Falling Dots 2 hour game

Making a Phaser game in an 2 hours

Most of the time I spend about a week or two on a game for my office, mostly refining things based on suggestions the team has made. When I’m doing my own games, however, there are times that I want to bust out a game in an hour or two.

Of course, if we are going to only spend 120 minutes on a game, we are somewhat limited in the games we can make. To make it a bit easier, there are several things I always do.

Prepare the graphics and sounds ahead of time. I keep asset folders I call game kits that I may someday make a game out of or not. When I feel inspired to make a game I look through these.

I use the Phaser snippets, although I don’t do this as much as I use to, it is good for reference.

I keep a code library of game parts, that I recently released publicly as the Ultimate Game Parts Template. I’ll be using the free version to make this game.

The Game – Falling Dots

To play the game you click on the rings to flip the colors to match the top of the ring to the color of the falling dots. Both dots have to match or the game is over.

Setting Up

Download the template and make a copy of the template folder. Name the folder fallingDots

Loading the images

Open the code in your favorite editor. Then copy the images into images/main. Next, locate the js/states folder

The first file we want is stateLoad.js

Here is where we can set up all the assets.

We can still use:

but to save time I’ve set up some shortcuts, the first of which is loadMain which simply loads an image from image/main/ and give it the same key as the base name. The function looks like this:

So to load the images we just paste this into the end of the preload section of stateLoad.js




For the sprite sheets, we need to load them the same way we always have.


Loading Audio

For the audio, I also set up 2 helper functions. 1 for .mp3 files and 1 for .wav files. Note: These are already in the template.

This will load an audio file from the audio/sfx folder making the key the same name as the file

So we load our audio files like this:

and the background music

the last step is to locate this line in the stateLoad.js create file (line 52) and change the audio key if needed

Note: the media manager is a class that manages the sound in the game


StateLoad.js should now look like this:


Making the game.

Aligning and scaling

Now that the assets are loaded the first thing that we will do is make an alignment grid. This will allow us to position the game elements regardless of the size of the game. That means by using this method our game elements will be placed in the correct place on phone, table, and computer.

Find out more about the Align Grid

Place this in the create function of stateMain

For debugging we can turn on the grid

And this is the result:

Now, let’s add in the rings, and we will set the background color to gray

The reason for setting the rings’ x and y positions at 0,0 is because we will be placing the rings with the grid class


the x and y positions start at 0

We also need to scale the rings by getting the game.width to sprite.width ratio. You can find this by using the Align utility

This will log out to the browser’s developer panel

I get the output:0.2916666666666667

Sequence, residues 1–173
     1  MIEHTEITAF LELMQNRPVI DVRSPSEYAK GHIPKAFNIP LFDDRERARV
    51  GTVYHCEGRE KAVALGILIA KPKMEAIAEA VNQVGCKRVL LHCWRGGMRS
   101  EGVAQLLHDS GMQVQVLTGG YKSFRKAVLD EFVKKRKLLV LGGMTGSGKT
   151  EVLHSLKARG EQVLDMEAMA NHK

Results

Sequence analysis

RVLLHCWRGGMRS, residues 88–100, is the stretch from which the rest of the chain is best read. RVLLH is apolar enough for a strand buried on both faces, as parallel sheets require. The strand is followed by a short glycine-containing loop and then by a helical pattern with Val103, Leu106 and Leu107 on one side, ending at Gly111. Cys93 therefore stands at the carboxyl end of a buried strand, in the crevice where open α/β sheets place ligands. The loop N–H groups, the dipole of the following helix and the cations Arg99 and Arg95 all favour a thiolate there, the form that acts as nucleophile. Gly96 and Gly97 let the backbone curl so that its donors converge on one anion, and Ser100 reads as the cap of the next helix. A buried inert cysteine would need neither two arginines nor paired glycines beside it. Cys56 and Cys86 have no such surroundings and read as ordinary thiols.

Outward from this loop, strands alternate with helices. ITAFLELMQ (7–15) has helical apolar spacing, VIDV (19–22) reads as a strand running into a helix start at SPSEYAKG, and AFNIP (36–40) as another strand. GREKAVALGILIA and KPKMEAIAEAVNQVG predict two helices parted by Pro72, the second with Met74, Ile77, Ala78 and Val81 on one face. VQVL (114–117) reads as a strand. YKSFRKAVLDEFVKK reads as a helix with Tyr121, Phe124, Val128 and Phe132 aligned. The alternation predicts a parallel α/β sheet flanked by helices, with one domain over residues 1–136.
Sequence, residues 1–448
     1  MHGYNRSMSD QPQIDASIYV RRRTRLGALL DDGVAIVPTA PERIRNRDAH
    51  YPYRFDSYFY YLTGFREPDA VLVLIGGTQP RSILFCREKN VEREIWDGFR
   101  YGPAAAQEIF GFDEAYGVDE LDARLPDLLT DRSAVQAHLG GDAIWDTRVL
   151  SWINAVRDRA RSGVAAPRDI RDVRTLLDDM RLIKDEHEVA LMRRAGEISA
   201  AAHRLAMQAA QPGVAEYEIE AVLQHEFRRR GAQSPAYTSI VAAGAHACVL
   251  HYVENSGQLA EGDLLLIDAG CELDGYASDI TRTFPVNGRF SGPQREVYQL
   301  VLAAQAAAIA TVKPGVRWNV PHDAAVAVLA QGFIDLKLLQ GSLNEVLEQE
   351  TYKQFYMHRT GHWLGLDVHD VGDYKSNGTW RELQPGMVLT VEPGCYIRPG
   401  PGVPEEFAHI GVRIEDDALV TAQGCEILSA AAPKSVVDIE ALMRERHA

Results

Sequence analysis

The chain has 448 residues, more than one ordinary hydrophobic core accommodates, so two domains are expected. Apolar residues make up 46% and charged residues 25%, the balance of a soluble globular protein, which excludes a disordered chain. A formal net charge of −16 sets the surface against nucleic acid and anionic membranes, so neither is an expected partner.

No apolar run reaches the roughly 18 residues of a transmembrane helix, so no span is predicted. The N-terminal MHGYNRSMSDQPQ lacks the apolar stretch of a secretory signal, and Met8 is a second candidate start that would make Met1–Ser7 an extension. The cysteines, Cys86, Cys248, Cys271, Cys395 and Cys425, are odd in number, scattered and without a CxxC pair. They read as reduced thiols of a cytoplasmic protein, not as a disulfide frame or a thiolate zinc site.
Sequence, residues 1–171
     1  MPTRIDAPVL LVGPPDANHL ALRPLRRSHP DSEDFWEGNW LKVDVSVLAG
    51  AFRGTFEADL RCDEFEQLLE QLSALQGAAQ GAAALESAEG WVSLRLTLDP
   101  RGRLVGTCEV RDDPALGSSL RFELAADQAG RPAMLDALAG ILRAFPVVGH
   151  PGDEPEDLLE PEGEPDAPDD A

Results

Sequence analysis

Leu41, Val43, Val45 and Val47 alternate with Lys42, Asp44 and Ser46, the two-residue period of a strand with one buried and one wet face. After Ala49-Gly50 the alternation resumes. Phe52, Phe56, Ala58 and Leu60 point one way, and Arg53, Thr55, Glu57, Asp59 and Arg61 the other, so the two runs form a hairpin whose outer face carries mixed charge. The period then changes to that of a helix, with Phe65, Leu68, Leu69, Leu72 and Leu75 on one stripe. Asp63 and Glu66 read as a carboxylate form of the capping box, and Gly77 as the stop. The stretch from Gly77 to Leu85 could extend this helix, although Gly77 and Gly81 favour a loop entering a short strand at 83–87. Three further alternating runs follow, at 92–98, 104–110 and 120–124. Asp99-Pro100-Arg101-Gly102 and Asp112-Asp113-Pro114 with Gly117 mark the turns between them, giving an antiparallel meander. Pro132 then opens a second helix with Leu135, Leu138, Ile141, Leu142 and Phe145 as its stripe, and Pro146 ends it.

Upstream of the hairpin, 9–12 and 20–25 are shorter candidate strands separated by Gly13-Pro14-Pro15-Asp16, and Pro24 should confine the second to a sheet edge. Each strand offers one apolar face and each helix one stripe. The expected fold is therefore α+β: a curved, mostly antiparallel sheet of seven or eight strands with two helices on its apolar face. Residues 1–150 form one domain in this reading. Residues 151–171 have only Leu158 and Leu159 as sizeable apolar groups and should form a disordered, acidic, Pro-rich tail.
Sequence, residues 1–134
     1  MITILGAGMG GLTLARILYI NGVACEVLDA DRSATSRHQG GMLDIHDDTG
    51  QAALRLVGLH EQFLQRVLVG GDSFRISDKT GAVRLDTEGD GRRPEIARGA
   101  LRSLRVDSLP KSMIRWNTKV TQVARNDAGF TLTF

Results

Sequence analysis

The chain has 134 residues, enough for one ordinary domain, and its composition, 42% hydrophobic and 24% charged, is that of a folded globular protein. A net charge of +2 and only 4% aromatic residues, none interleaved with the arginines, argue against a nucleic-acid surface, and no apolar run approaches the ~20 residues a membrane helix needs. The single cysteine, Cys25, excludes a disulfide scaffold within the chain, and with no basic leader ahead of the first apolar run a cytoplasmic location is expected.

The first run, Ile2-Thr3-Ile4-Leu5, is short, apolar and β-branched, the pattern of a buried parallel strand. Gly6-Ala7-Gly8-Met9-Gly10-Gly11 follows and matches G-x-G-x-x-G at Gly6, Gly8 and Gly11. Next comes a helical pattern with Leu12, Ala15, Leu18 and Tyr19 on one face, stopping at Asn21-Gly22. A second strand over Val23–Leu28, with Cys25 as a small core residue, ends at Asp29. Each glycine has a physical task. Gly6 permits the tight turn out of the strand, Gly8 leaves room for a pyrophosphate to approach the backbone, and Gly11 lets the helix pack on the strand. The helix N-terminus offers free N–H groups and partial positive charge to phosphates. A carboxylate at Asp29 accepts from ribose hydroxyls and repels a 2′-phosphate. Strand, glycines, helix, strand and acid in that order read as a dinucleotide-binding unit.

We then set the scale of the rings based on that

You will not see any visible changes unless you switch to view in a mobile view.

Here is how it looks now on the laptop version

If you turn off the scaling, here is how it looks on the iPad. Notice that the rings are smaller than the cells.

With the scaling turned on, the rings are scaled correctly


Flipping the ring

To keep track of what color the ring is, we will set a custom property of color in the ring sprite

Let’s now make a function to flip the rings.

When you first create a sprite, the angle is a 0, if the angle is 0, then we change the angle to 180, or vice versa. We will also update the color based on the angle.

Now we set the listeners to flip the rings

In the create function

Clicking the rings will now flip them.

Making the Dots

We need to have two dots fall at the same time, so we will make a group of two dots called a row.

We will also need a group to hold the rows

In the create function

Let’s set up a function to make the rows.

At the end of the create function call the makeRow function


Making the rows fall

To be able to change the speed set up a variable in the create function

We will move everything down with the code in the update function

Your game should now look like this

Adding Components

This is where the Ultra template will save you a lot of time with its built-in components

Adding the score box

In the create function

You can change the font size and color or the components in the js\themes\blueTheme.js file

Adding the sound Buttons

In the create function

These buttons will toggle on and off the sound and music


The template is event-driven, and there is an instance of a Phaser.Signal class called eventDispatcher

To Increase the Score

This will be dispatched if the colors match the rings

The score is held in model.score and this event will trigger updates in the scoreBox

in the create function at the top, we need to clear the score if the player hits play again

Playing a sound

to play a sound we dispatch a G.PLAY_SOUND event

We will use the beep key if the colors match and hit if they do not

Increasing the speed

For every five points we will increase the speed. Place this code right after the score is updated

Your stateMain file should now look like this

There are also resources to put together a title screen. See my tutorial on how to put together a title screen here.

Play Now!


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